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The future of work in Barbados

Guy Hewitt

The future of work in Barbados

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LARGELY UNTOUCHED by the winds of economic change, the Caribbean seems confounded by the shift in the global economic power from the North-West to East-South, specifically to the newly advanced economies of Brazil, Russia, India and China – the BRIC countries.
Burdened by debt and confronted by a loss of geopolitical significance, one thing seems certain: if Barbados and her neighbours are to remain relevant to the 21st century, urgent and aggressive economic transformation is needed.
In a human resource-rich economy, our people remain our greatest resource. As a nation, we have defied the odds and punched above our class to become the most advanced developing country.
All that is now required is for us to dig a little deeper to fashion a new type of worker to accompany this 21st century economy.
The new worker typology can only be constructed out of an understanding of our new economy.
The Barbados economy for the 21st century should be characterized by a smaller yet more responsive and efficient public sector; a dynamic and competitive private sector; competent leaders and managers; workers who are proud, industrious and innovative; workers’ representatives who adhere to an honest day’s pay for a decent day’s work; and with the Church and civil society reaffirming the Protestant work ethic.
Following global trends, future job opportunities will be predominated by science, technology and information. However, with an aging population and overwhelmed parents, the social care sectors should provide career opportunities.
But the burning questions are, what’s the next big thing, and what’s going to be the big money-maker?
Key to finding the jobs of the future will be to know where to look – which will be to companies that entrepreneurs are still to create.
Recent employment studies suggest that an entrepreneurial mindset will be a prerequisite for career success. Going forward, we must all be entrepreneurs, even those who work in the public sector or large corporations.
In a recent USA Today study exploring the changing face of employment over the next 25 years, 32 per cent of employees surveyed believed that having a degree will be far less valued in 20 years.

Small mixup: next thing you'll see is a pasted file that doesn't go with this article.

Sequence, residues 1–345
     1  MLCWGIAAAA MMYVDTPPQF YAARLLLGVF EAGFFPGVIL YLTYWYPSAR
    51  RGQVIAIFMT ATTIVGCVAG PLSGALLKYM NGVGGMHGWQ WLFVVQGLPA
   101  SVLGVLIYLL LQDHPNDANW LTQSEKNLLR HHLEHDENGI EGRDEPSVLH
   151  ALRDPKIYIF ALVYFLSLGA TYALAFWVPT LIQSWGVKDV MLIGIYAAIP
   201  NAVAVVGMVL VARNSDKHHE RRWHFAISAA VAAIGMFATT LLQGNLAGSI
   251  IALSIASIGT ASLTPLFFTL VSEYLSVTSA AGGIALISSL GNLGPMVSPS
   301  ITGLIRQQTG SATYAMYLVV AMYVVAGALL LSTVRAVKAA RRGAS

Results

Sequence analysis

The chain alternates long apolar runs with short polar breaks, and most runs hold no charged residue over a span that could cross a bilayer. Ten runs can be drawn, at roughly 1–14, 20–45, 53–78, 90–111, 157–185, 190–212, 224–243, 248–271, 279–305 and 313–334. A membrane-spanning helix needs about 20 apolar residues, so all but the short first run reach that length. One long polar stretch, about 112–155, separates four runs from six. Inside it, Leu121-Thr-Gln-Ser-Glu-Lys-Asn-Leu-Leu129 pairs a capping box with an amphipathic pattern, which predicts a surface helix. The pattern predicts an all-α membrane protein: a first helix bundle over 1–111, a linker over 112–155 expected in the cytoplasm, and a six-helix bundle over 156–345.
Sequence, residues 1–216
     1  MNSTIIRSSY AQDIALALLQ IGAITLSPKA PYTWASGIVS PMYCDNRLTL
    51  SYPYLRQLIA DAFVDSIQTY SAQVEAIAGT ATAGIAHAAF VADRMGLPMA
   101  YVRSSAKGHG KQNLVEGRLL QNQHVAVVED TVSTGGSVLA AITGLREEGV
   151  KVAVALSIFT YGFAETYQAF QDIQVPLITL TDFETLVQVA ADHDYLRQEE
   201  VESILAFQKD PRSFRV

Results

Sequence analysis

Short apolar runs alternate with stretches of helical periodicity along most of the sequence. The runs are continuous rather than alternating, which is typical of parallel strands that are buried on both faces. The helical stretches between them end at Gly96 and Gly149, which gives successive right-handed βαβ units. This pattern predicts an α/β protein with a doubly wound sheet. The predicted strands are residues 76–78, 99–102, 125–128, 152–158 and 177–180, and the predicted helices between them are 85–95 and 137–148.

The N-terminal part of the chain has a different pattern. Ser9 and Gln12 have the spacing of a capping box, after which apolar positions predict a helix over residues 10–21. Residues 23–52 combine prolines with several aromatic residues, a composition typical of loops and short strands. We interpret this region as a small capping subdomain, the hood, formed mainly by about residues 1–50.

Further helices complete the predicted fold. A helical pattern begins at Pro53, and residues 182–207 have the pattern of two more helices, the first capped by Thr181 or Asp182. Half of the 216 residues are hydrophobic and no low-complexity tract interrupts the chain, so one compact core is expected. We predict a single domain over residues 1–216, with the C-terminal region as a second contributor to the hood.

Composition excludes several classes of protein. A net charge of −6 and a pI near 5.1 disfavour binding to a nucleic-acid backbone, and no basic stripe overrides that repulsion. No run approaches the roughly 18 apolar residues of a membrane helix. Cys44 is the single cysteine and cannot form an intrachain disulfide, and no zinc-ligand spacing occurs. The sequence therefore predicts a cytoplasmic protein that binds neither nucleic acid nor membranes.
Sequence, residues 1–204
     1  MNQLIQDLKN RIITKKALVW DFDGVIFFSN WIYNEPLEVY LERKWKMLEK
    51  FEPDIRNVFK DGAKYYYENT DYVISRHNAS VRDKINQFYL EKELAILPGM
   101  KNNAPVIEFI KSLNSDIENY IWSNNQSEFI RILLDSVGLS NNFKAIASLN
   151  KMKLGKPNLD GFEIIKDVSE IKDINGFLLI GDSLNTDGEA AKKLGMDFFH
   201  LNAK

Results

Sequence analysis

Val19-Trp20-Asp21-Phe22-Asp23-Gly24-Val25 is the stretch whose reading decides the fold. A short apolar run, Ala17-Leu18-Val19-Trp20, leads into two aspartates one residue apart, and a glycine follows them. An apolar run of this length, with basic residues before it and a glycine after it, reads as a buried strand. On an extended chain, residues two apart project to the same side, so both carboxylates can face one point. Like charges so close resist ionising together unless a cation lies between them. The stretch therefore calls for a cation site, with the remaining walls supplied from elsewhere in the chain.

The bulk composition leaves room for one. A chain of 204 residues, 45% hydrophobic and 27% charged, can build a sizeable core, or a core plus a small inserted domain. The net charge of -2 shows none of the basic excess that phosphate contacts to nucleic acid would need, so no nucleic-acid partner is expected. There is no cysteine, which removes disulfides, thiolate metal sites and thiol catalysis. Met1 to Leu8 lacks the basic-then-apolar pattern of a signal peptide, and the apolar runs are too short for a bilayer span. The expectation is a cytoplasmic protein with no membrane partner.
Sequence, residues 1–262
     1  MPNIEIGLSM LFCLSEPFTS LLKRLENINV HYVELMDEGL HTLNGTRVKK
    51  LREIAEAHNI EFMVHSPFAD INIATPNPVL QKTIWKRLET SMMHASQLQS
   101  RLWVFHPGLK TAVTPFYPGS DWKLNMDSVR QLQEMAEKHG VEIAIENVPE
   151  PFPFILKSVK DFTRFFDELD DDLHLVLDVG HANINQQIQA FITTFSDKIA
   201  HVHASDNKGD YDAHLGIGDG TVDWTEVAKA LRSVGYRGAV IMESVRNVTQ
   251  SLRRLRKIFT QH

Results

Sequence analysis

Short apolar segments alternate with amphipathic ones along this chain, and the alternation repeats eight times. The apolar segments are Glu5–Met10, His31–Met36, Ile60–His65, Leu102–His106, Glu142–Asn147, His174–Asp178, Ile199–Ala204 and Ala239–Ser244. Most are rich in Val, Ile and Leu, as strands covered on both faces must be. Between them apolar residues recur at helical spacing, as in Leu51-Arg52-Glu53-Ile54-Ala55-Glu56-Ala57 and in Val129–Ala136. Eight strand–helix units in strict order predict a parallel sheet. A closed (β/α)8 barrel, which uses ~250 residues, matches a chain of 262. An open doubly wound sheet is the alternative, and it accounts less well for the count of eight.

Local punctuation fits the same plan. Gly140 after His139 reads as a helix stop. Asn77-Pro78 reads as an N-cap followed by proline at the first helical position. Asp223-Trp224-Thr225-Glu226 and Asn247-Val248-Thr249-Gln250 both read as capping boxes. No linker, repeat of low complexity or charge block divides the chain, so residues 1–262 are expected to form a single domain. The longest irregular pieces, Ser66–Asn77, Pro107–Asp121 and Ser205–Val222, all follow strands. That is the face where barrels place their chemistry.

As workers find they need to adapt to changing career paths, continuous training and professional development will be essential. The need for individuals to constantly evolve their own skill set will be crucial – and exciting.
Never before has there been such choice or encouragement to explore different professional avenues.
Previous generations generally built “lifelong” careers at one company or at least in one particular field. However, tomorrow’s workplace will be dramatically different, and many of the strategies  that worked in the past are no longer viable.
While the economy may recover significantly in the coming years, we need to all redefine our approach to work and career development. Learning will cease to be something delivered in large chunks and become more modular, delivering what you need when you need it.
Apart from specialist workers, future career success will require multiple competencies in leadership and management, sales and marketing, coaching and mentoring, starting a new business or a business unit within a larger organization, customer service and improving performance, and a responsiveness to the environment and sustainable ways of working.
    The worker of tomorrow will require a new education system today. The current system of school and university education dominated by the rote system of learners answering questions and carrying out assignments is redundant.
    Future career success will require active learning to foster a very different set of skills – framing questions, planning, organizing, finding and analyzing information, problem solving, working with others, assembling key resources and tools, testing out ideas, and trying again.
    Our education and training institutions need to be able to cultivate these multiple intelligences.
    Bringing such characteristics and skills inside the curricula and pedagogy is one of the major challenges of education reform. For too long, terms like “technical”, “vocational” and “applied” have been perceived as a second-class offering to “academic rigour” and devotion to abstract topics or concepts. Ignoring the false dichotomy between “head” and “hand”,
technical and vocational education connects “knowing” and “doing”.
Technical and vocational education is more than preparing “children for jobs” or doing something for the “non-university able”.
Rather, career and technical education encompasses a set of key practices – including intellectual curiosity sparking a need to know, creative energies and productivity driving a need to do, the opportunity to work alongside experts or professionals, the challenge of meeting real standards of accomplishment, and offering young learners the opportunity to explore future career possibilities.
All this makes for a more effective transition to the real and adult world.
While we can’t predict the future, we can plan for it. If our economy is to respond to the challenges of the 21st Century, our children, young workers and even the more mature will need a new toolkit to build careers for the future.
City & Guilds sees itself as a strategic partner with the Government and private sector to retool the workforce for economic transformation and growth, and sustainable development.
• Guy Hewitt is an experienced administrator in education.